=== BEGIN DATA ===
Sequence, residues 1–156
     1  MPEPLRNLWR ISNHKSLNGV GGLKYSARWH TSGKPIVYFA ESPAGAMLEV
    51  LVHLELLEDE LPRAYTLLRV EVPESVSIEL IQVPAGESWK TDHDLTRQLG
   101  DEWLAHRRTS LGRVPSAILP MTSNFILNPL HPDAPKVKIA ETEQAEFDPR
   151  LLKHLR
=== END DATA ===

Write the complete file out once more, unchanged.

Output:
Sequence, residues 1–156
     1  MPEPLRNLWR ISNHKSLNGV GGLKYSARWH TSGKPIVYFA ESPAGAMLEV
    51  LVHLELLEDE LPRAYTLLRV EVPESVSIEL IQVPAGESWK TDHDLTRQLG
   101  DEWLAHRRTS LGRVPSAILP MTSNFILNPL HPDAPKVKIA ETEQAEFDPR
   151  LLKHLR